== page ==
Furthermore, Boston’s top forward unit of Jarome Iginla, David Krejci and Lucic has been conspicuously quiet through two games. Lucic has only a power-play assist and an empty netter, which Krejci picked up the primary helper on.

    Whether the audience acknowledges it or not, keeping that line flustered in every zone can be a critical home-team energy-hog.

Key for Boston: Discipline on Defense

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    Brian Babineau/Getty Images

    Of the nine total infractions in Boston’s Game 2 penalty column, seven were the fault of defenders.

    Boychuk was the only Bruins blueliner not to sit in the sin bin on Saturday.

    Conversely, Hamilton put his team on the penalty kill twice while Krug and Chara combined to constitute half of three sets of coincidental minors. Andrej Meszaros incurred the lone penalty on an incident at 16:23 of the second period, when he got cited for roughing Tomas Plekanec.

    Meszaros received early bail on the Canadiens’ first man-advantage goal at the 18:09 mark. The same thing happened to Hamilton with 6:30 gone in the third.

    That trend evoked memories of Game 1, when Matt Bartkowski accounted for two of Boston’s four penalties—the two that set up setbacks for the team.

    With Montreal’s power play being one of the aforementioned keys, keeping defensemen out of penalty trouble is a natural key on Boston’s end.

    But even when there are penalties on both sides, the Bruins do not want to have only five available rearguards—especially if coincidental infractions happen to leave teams at full strength.

Key for Montreal: The 3rd Period

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    Jared Wickerham/Getty Images

    Although their double-overtime goal eclipsed what necessitated those bonus stanzas, the Canadiens spilled 2-0 and 3-2 leads in the third period of Game 1.

    The would-be worst-case scenario came to fruition when they squandered another multi-goal edge in Game 2.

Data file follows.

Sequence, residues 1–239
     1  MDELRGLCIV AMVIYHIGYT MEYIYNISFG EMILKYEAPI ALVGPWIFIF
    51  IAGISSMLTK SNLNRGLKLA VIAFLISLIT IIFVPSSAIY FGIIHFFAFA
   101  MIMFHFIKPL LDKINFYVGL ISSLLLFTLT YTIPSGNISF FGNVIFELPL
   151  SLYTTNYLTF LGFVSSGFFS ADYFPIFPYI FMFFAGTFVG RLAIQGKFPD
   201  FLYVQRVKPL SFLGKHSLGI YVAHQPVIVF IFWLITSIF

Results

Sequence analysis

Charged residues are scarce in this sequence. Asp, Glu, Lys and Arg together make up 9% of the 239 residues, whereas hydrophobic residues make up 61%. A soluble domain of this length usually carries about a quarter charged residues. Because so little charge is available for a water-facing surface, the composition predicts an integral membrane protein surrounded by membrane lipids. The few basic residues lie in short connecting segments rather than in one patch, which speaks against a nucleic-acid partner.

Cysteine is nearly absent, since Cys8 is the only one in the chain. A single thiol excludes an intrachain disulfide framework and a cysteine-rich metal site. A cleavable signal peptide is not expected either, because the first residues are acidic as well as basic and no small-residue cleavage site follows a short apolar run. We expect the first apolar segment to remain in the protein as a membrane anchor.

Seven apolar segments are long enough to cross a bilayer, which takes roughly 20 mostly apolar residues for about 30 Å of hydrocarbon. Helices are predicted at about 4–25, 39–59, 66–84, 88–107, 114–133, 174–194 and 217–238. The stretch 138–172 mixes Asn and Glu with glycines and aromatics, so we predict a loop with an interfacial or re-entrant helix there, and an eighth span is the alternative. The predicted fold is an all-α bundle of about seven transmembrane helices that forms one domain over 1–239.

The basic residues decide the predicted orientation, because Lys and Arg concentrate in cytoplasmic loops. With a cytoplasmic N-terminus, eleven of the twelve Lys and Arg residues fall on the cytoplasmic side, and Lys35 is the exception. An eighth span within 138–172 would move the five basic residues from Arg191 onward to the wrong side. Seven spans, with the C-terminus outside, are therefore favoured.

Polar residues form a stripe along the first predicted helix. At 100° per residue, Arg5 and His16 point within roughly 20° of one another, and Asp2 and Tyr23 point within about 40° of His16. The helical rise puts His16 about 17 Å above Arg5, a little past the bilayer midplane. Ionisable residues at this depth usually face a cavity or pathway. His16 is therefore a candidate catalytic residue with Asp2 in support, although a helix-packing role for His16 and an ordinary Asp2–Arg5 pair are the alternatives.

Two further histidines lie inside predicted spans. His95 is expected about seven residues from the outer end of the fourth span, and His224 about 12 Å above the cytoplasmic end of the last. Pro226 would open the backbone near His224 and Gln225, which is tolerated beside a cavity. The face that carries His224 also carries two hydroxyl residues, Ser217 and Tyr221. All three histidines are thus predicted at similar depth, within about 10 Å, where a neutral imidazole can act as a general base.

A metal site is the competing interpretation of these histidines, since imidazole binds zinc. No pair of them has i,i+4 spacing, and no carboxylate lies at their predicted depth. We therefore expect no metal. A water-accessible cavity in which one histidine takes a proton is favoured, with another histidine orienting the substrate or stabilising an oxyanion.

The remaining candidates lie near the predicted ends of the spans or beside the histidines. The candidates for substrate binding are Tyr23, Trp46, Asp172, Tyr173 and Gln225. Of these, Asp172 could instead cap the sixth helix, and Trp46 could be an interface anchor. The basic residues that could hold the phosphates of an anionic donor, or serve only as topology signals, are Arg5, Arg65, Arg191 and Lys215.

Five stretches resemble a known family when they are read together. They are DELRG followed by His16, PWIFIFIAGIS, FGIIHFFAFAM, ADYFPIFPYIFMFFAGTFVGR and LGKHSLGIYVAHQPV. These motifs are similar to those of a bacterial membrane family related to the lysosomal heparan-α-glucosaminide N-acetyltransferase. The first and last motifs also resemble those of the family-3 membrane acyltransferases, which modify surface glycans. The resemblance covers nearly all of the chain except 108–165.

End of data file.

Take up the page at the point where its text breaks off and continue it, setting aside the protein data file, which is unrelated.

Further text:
Vanek’s second straight power-play conversion gave Montreal a 3-1 advantage with 13:30 to spare in regulation Saturday. It took two seconds shy of a full 10 minutes for that to devolve into a 4-3 deficit.

    When the Bruins stamped their rally with an empty netter, they improved to 2-1 this postseason when trailing at the 40-minute mark.

    Their other win in that situation came April 24, when they bumped the Red Wings in overtime, 3-2.

    In the regular season and playoffs combined, the Habs were 39-0-3 when leading after two periods until Saturday.

    And if not for Subban’s strike last Thursday, that unbeaten streak could have ended at 41 instead of 42.

    Regardless, Saturday offered irrefutable proof that the preceding tear has no bearing on the present. The Bruins, in particular, have cemented their status as a team almost as hard to outrun as their zoological symbol.

    Saturday was the fourth time Boston has surmounted a multi-goal deficit for a win in the last two playoffs.

    The others were the aforementioned April 24 of this series and Game 4 and Game 7 of last season’s Toronto series.

    Subban himself has stressed the opposition’s “resilient” reputation to the assembled press corps.

    He and his teammates must translate those words of awareness to their actions in the next 60-minute struggle.